Former MTV reality star Lauren Conrad shares beauty tips in her new book

Posted Oct. 28, 2012, at 4:12 p.m.
Lauren Conrad builds on lifestyle brands with 'Beauty' book. The former star of MTV's &quotThe Hills" has a new how-to book, &quotLauren Conrad Beauty." She also has produced fashion lines, a book on style and young-adult novels.
HarperCollins
Lauren Conrad builds on lifestyle brands with 'Beauty' book. The former star of MTV's "The Hills" has a new how-to book, "Lauren Conrad Beauty." She also has produced fashion lines, a book on style and young-adult novels.

LOS ANGELES — Lauren Conrad isn’t just a celebrity. The blond from Orange County, Calif., with her trademark cat-eye makeup, is a cottage industry.

Conrad, 26, hasn’t appeared regularly on television since exiting the MTV reality show “The Hills” in 2009, but off-screen, she’s been quietly building a lifestyle empire — her net worth is estimated to be about $12 million.

She’s written two bestselling series of young-adult novels that play with Hollywood stereotypes. She runs an eponymous clothing line sold at Kohl’s and a second fashion collection called Paper Crown that’s available at 120 boutiques nationwide. She’s launched two lifestyle websites and, most recently, penned the how-to book “Lauren Conrad Beauty,” a companion to her 2010 guide, “Lauren Conrad Style.”

Only a handful of other starlets have been able to parlay their flash-in-the-pan fame to a similar level of success.

“Beauty,” released Oct. 16, is primarily about relatability, as Conrad shares personal stories that acknowledge her good fortune — and her foibles. She offers practical advice on skin and hair care, and writes about the often overlooked effects of diet and exercise on a woman’s appearance and well-being.

“It’s always fun to share knowledge of an experience other people can’t have,” says Conrad, who, in the eight years she’s been in the public eye — starting with MTV’s “Laguna Beach: The Real Orange County” in 2004 — has been primped and polished by a team of makeup artists, hairstylists and aestheticians from whom she has learned “so much.”

The beauty guide, she adds, is a chance to take all those things and share them with others.

Conrad opens the book with a photo gallery of her “beauty evolution” that demonstrates her transformation from a Southern California teen with overly blond hair and mismatched foundation to a young woman with a more natural look. She writes candidly about her struggles with acne and skin discoloration — and her solutions — as well as her experimentation with hair colors and styles.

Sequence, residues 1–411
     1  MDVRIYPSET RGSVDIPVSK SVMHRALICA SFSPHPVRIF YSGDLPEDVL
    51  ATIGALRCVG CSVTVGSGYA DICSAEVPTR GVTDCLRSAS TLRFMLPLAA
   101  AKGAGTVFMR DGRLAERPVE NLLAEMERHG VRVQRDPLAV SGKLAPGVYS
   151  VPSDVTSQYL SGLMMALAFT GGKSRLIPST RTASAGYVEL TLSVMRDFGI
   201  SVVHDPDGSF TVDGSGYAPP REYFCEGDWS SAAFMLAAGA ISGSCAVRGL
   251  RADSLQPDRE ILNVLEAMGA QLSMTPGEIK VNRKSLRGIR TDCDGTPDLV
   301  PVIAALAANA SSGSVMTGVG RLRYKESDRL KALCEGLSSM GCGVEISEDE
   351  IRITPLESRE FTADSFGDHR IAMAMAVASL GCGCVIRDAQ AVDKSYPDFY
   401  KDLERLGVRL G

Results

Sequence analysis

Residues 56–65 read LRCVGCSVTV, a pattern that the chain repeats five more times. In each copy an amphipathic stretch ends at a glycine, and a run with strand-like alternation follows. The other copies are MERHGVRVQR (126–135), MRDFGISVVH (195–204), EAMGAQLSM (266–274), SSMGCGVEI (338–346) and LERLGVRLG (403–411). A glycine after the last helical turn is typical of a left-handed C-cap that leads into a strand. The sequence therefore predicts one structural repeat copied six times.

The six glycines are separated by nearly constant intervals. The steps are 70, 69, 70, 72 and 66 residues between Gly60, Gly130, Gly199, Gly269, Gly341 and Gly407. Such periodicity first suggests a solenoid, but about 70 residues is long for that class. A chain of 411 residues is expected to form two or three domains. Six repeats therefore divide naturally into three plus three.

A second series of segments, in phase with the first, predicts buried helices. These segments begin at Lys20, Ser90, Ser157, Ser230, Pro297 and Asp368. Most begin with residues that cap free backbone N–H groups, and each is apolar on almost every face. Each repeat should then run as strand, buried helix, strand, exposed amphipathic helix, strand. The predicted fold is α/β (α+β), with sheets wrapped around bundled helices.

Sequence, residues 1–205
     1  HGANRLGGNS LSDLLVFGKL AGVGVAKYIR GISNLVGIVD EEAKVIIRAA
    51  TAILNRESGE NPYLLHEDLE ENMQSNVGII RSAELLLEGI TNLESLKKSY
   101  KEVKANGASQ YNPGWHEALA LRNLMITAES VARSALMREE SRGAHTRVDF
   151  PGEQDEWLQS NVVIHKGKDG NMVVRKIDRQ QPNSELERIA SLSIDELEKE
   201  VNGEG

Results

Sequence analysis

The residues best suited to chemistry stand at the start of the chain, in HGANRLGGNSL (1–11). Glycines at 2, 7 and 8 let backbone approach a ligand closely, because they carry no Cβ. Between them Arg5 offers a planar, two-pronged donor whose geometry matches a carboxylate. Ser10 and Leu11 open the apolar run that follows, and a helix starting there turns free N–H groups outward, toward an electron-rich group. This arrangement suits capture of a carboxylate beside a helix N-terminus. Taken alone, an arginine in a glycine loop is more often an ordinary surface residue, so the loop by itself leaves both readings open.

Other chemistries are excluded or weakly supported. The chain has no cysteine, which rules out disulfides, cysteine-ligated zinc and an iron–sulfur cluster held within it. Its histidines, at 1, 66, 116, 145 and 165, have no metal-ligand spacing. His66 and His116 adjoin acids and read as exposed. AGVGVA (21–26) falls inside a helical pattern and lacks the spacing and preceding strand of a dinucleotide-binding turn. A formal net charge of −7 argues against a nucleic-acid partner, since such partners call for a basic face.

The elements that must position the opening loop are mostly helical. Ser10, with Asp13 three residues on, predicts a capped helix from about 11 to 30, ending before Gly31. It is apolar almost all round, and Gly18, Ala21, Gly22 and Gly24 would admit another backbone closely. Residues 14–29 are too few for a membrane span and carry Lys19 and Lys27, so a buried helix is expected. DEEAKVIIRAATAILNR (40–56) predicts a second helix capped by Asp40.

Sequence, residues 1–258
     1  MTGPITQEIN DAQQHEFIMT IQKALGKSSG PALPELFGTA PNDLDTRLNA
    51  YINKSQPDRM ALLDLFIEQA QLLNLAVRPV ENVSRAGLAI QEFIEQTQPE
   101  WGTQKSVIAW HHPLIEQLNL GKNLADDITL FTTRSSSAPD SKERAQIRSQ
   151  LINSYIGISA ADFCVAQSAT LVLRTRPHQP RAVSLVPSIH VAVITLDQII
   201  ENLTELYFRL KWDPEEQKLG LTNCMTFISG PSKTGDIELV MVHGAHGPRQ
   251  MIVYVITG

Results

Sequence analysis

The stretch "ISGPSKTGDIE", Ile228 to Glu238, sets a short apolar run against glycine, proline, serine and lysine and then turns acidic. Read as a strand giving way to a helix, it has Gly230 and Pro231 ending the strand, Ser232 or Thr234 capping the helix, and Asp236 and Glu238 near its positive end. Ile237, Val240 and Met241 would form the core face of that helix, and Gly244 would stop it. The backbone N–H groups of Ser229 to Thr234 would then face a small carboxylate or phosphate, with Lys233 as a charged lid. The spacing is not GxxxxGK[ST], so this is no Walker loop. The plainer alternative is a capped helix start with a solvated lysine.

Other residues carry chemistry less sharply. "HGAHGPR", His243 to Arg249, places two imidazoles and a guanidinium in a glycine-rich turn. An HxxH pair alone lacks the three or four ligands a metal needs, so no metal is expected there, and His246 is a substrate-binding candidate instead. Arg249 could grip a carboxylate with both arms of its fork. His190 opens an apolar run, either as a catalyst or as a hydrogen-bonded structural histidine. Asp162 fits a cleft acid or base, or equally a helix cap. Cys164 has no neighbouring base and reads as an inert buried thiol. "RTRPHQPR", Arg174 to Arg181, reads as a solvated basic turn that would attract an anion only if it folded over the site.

“One of the messages of this book is it’s really important to figure out what you love about yourself and what you want to focus on. It’s different for every person,” says Conrad, who, as a teenager growing up in Laguna Beach, didn’t always hold such a belief. She bleached her hair, spent too much time in the sun and dressed like her friends, she said, “because it was easy and safe to blend in.”

These days, Conrad lives in Los Angeles. She hides from the sun. She’s a devotee of sunscreen and ChapStick and vitamins, as well as the stalwart curling iron she uses to tame the locks she describes as “straight with a couple weird bends.”

Sitting on a rococo settee in the lobby of her Paper Crown office in Westwood, Conrad epitomizes the message behind her brand: Accessible glamour. She’s dressed in a flirty yet elegant metallic tweed party dress anchored with a pair of suede stiletto pumps from her LC Lauren Conrad line for Kohl’s. Her makeup is predominantly French, as is her handbag, a quilted black Chanel.

“I like anything that has romance to it, and I think a lot of French things do,” says Conrad. (A recent post on LaurenConrad.com revealed the contents of her over-the-shoulder bag, including Cle de Peau concealer, Dior Addict Ultra Gloss and Chanel Chance perfume.)

Though her new book is thorough in its explanations of product ingredients and techniques for makeup application, it steers clear of naming specific products.

“I didn’t want this to be a book that applied specifically to this year and in two years is not very helpful,” she says. “Products change often.” She regularly changes her own mix, especially facial cleansers and shampoos.

Not surprisingly, Conrad is considering extending her brand with a beauty line at some point.

“We looked into it last year,” she says, but decided against doing so in the short term because “you’re dealing with chemicals that go on someone’s skin or hair. If you’re going to do makeup, you have to do it right.”

Until then, there’s “Lauren Conrad Beauty.”

©2012 Los Angeles Times

Distributed by MCT Information Services

 

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